///How to Set up a Randomizing Function

How to Set up a Randomizing Function

How to set up a randomizing function

A couple of sections on arbitrary constant used to utilise JavaScript in order to generate some random content for that pesky right column. This was done for two reasons: 1) to give the site a bit more depth and 2) to help me learn the basics of JavaScript. Now that both of these goals have been achieved, here is a guide detailing how it is done, which will hopefully prove useful to anyone new to this sort of thing.
Overview

Generating a random entity on a page can be split into three sections:

1) defining the entities you wish to choose between (i.e. text, images, banners etc)
2) defining a randomizing function
3) using that function to return your desired entity
Each of these sections are dealt with in turn.
Defining your entities

In this case, we wish to generate a random quote, so we need to define a long list of quotes from which a script can pick one out. To do this, we define an array. An array is basically a one-dimensional matrix that contains every possible piece of information in it you would like displayed. It is from the array that the randomizing function will pick the random (in this case) quote.

The script utilised in the example in the right column uses the following array:
quotes = new Array
(
"This is quote 1",
"This is quote 2",
"This is quote 3",
...
"This is the last quote"
);
It is that simple. Of course, there are many ways to create an array, but in this case, this was the easiest way of finding a solution to the given requirements. The only thing to note is that the array is named "quotes" and that the last quote does not have a comma before the close parenthesis. If it did have a comma, the script wouldn’t work.
Defining a randomizing function

Once you have an array from which to pick a random entity, there needs to be a function that will deliver a random result to pick said entity. As you would expect, there are many ways to do this and the following method is one example. In it, the script utilises the time and date to pick a random entity from the array. It is given by the following:

rnd.today=new Date();
rnd.seed=rnd.today.getTime();

function rnd()
{
rnd.seed = (rnd.seed*9301+49297) % 233280;
return rnd.seed/(233280.0);
};

function rand(number)
{
return Math.ceil(rnd()*number);
};

The first two lines define two elements, based on the date and time, that are to be used in the next line, which is the function rnd(). This function is defined basically as a little sum which uses the time and date as taken before which in turn is then used in the function rand(number) to define a function that will return a random number based on the time and date.
Displaying the random entity

Once we have a randomizing function, returning a random entity is straightforward: we simply call upon the script to write the quote associated with the number generated by the random function:

document.write(quotes[rand(quotes.length)-1])
Here, rand is the function as defined before, (quotes.length)-1 is the range of quotes we defined in the array and document.write is the JavaScript command that returns the "value" created within the parenthesis. It is then this entity that will be displayed on the webpage.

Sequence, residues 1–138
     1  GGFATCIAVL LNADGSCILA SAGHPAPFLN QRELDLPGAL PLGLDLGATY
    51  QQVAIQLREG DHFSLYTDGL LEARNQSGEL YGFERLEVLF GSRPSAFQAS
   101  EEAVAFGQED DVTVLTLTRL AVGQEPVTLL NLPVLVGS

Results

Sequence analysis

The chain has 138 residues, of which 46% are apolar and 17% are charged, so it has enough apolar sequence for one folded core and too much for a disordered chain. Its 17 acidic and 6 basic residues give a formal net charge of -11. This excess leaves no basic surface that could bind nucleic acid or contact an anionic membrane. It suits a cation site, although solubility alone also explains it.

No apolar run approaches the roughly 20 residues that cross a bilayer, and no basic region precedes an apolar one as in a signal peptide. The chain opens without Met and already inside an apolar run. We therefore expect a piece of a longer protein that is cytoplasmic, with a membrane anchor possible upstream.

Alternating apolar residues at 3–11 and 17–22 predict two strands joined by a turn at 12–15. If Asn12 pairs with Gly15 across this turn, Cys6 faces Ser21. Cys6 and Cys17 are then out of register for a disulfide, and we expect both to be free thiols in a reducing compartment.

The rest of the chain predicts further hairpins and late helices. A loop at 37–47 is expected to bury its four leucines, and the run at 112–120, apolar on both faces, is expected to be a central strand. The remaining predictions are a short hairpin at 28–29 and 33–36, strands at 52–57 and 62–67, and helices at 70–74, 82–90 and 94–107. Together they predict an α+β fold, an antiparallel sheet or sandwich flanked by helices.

Thus, the entire script looks a little like this:
quotes = new Array
(
"This is quote 1",
"This is quote 2",
"This is quote 3",
...
"This is the last quote"
);

rnd.today=new Date();
rnd.seed=rnd.today.getTime();

function rnd()
{
rnd.seed = (rnd.seed*9301+49297) % 233280;
return rnd.seed/(233280.0);
};

function rand(number)
{
return Math.ceil(rnd()*number);
};

document.write(quotes[rand(quotes.length)-1])

All that remains now is to decide where to include the code for you html page. There are two main options: 1) within the html page on which you want to utilise it or 2) as an external script called upon by the html page when it loaded. In the first case, you need to include the script tag within the html header or body:
<script type="text/javascript">
insert script here
</script>
The first method should ideally be used for a script that is used only in a particular circustance, whereas the external link is best employed when a script is used on many changes and would therefore require much more time if it were to be altered on each page it is used. That is the method used on this website.
The second method is similar to that employed for a style sheet and involves an external link to the script in the following manner:
<script type="text/javascript" src="script.js">
</script>
Further reading

Apart from a little bit of advice from a couple of friends, the majority of the JavaScript employed on this website has its roots in w3schools.com, the best starting point to learn about anything web-related on the web. It is strongly recommended you read through their tutorials on JavaScript (and indeed html) before getting started on anything, mainly because they actually know what they are talking about.

2010-05-25T23:08:59+00:00 August 16th, 2005|JavaScript|0 Comments

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